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Seizure of Confederate Commissioners.

The Illustrated London News, vol. 39, no. 1119, p. 537.

November 30, 1861

Startling news has been brought by the West Indian mail steamer La Plata, which arrived at Southampton on Wednesday. On the 8th inst. Mr. Slidell, the accredited commissioner to France from the Confederate States, and Mr. Mason, engaged on a similar mission to France, with their respective secretaries, Messrs. Eustis and M'Farland—who had run the blockade at Charleston and arrived at Havannah on the 18th ult., were forcibly taken out of the British mail-steamer Trent by the commander of the American steam-frigate San Jacinto.

It appears that on the 7th inst. the Trent sailed in her regular course of service from Havnnah for St. Thomas. On the following day, while the Trent was approaching a narrow passage in the Bahama Channel, a large steam-ship of war, which showed no colours, was seen waiting ahead. The Trent hoisted the British ensign, but elicited no responsive display of colours until she had approached within about 200 yards of the strange ship, which then fired a shot across the Trent's bow, hoisted the United States' flag, and fired a shell to leeward of the Trent. Captain Moir, the commander of the Trent, hailed the United States' steamer's captain, who replied that he wished to send a boat on board. A boat, containing two officers and ten men, boarded the Trent; and the boat's commanding officer, Lieutenant Fairfax, demanded to inspect the passenger-list, but was refused permission. He then declared that his commander, Captain Wilks, of the United States' steam-ship San Jacinto, had received information that Messrs. Slidell, Mason, Eustace[sic], and M'Farland were among the passengers, and required that they should be given up to him. Captain Moir and Commander Williams, the naval officer in charge of the mails, refused to comply with the requisition; and the Confederate Commissioners, who were standing near, claimed the protection of the British flag under which they were sailing. Lieutenant Fairfax said he would take charge of the Trent, and made a signal to the San Jacinto, which immediately dispatched several armed boats, containing about 100 marines and seamen, who with drawn cutlasses boarded the Trent, arrested the Confederate Commissioners, and forced them into the boats. While this was doing, Commander Williams protested against the act in the following terms:—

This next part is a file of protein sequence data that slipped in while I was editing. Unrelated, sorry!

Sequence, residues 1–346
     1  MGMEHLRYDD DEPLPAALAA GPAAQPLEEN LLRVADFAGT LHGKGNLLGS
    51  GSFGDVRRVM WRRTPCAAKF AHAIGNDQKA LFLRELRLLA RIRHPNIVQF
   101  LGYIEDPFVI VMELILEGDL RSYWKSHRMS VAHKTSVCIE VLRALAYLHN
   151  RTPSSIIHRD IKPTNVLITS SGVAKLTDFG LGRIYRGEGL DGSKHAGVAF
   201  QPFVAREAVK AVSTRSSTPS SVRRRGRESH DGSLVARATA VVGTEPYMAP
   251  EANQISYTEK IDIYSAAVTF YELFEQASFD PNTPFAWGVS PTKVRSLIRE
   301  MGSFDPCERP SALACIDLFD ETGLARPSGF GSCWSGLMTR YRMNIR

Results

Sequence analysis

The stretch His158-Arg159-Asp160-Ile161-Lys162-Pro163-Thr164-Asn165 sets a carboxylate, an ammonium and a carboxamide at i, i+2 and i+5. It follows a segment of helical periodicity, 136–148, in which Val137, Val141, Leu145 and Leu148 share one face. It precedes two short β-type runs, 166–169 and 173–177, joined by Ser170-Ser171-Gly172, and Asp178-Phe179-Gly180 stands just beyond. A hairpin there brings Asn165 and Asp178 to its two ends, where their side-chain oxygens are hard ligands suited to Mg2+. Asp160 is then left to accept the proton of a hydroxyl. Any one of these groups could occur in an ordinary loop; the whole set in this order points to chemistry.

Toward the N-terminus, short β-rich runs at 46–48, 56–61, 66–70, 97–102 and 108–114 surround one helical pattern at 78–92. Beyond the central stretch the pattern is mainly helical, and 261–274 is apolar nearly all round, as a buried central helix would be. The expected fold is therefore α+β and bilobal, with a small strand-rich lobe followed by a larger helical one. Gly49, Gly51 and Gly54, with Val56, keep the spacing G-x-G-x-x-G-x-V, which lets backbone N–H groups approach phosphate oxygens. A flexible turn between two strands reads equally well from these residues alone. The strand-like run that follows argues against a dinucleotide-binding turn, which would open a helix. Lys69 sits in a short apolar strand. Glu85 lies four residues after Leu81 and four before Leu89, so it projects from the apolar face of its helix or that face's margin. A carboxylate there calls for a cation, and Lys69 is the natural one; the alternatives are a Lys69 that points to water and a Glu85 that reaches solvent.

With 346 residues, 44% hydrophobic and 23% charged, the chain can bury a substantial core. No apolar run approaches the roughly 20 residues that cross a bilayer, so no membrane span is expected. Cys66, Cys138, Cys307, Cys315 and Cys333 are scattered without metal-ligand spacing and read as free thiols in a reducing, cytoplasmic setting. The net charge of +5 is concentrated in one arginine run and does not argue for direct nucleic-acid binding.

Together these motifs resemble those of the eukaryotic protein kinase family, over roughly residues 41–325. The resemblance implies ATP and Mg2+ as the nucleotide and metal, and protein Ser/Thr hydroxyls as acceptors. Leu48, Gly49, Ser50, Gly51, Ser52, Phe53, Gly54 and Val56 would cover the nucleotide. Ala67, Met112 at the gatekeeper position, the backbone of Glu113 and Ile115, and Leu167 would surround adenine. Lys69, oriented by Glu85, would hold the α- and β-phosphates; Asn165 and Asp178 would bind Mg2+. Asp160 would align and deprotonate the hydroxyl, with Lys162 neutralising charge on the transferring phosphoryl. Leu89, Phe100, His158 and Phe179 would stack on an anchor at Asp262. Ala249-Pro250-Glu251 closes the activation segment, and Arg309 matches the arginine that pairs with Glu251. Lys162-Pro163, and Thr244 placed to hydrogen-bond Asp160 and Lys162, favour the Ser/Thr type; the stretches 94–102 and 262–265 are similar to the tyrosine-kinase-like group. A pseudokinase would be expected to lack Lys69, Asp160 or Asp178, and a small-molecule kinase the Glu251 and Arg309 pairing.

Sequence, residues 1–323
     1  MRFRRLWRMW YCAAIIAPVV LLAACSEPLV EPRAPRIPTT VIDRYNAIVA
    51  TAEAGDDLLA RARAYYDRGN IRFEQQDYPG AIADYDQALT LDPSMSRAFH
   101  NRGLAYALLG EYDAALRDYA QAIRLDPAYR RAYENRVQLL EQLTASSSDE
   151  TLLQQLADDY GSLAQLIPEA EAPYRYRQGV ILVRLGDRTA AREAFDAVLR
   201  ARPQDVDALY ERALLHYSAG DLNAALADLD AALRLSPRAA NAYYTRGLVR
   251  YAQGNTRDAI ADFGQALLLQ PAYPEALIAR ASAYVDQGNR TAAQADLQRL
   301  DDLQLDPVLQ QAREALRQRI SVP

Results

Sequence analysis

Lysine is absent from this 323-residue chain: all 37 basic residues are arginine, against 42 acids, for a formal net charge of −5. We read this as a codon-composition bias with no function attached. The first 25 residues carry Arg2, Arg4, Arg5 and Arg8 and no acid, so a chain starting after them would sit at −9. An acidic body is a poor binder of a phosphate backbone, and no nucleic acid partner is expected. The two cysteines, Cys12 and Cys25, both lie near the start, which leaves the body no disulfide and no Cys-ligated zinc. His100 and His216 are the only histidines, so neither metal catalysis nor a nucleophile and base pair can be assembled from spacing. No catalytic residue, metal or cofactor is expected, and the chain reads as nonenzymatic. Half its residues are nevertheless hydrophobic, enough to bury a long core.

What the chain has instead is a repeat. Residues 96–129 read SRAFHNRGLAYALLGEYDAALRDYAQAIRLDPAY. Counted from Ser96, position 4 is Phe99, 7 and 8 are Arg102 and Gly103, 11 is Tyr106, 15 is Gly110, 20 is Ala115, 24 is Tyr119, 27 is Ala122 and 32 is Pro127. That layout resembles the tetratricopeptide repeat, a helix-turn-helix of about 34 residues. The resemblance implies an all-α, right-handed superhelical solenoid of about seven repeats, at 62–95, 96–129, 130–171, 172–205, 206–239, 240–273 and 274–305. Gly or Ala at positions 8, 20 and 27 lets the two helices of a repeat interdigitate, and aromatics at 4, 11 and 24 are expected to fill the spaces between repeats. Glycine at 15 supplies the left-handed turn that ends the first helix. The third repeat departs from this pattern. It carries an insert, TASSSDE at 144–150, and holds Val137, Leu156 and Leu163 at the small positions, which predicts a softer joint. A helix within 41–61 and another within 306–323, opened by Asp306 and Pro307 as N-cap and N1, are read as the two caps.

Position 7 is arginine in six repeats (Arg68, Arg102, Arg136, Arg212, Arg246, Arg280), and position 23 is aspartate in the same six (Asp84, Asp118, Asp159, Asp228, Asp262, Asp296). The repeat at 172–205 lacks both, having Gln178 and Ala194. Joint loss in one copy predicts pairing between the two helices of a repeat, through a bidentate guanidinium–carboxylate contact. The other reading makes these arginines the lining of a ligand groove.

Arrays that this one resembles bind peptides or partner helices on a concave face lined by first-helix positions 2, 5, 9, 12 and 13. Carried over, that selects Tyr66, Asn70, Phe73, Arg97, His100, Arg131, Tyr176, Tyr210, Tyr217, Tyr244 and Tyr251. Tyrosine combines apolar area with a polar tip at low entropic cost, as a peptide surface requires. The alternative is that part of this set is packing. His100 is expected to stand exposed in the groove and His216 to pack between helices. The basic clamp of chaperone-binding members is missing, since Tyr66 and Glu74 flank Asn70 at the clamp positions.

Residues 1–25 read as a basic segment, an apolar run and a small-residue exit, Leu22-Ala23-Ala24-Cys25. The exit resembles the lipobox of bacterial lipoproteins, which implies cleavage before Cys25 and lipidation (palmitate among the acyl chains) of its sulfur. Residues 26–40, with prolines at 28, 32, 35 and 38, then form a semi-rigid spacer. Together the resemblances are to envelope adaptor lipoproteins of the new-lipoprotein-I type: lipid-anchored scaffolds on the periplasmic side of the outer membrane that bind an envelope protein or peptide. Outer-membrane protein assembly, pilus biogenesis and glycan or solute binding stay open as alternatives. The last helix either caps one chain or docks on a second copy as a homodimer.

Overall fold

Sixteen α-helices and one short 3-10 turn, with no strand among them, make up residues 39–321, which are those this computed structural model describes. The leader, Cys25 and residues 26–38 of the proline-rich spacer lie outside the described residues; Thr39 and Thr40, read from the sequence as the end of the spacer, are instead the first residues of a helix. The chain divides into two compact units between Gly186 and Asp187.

In this ship I am the representative of her Majesty's Governmsnt, and I call upon the officers of the ship and passengers generally to mark my words when, in the name of the British Government, and in distinct language, I denounce this as an illegal act, an act in violation of international law—an act, indeed, of wanton piracy, which, had we the means of defence, you would not dare to attempt.

Mr. Slidell, as he was forced into the boat, requested the Trent's Captain to report exactly what had occurred, and declared that he looked to the British Government for redress for the outrage committed upon him while he was under the protection of the British flag. The American officers next complained that they were short of provisions, and asked for a supply for their prisoners, which was given by Captain Moir for the "exclusive use " of Messrs. Slidell, Mason, Eustis, and M'Farland. Lieutenant Fairfax said that he was ordered to take Captain Moir and his papers on board the San Jacinto; but Captain Moir refused to go unless he was forcibly removed from his quarterdeck. Lieutenant Fairfax thereupon told Captain Moir that he wanted nothing further, and ordered his men into the boats, which returned to the San Jacinto, leaving the Trent to prosecute her voyage.

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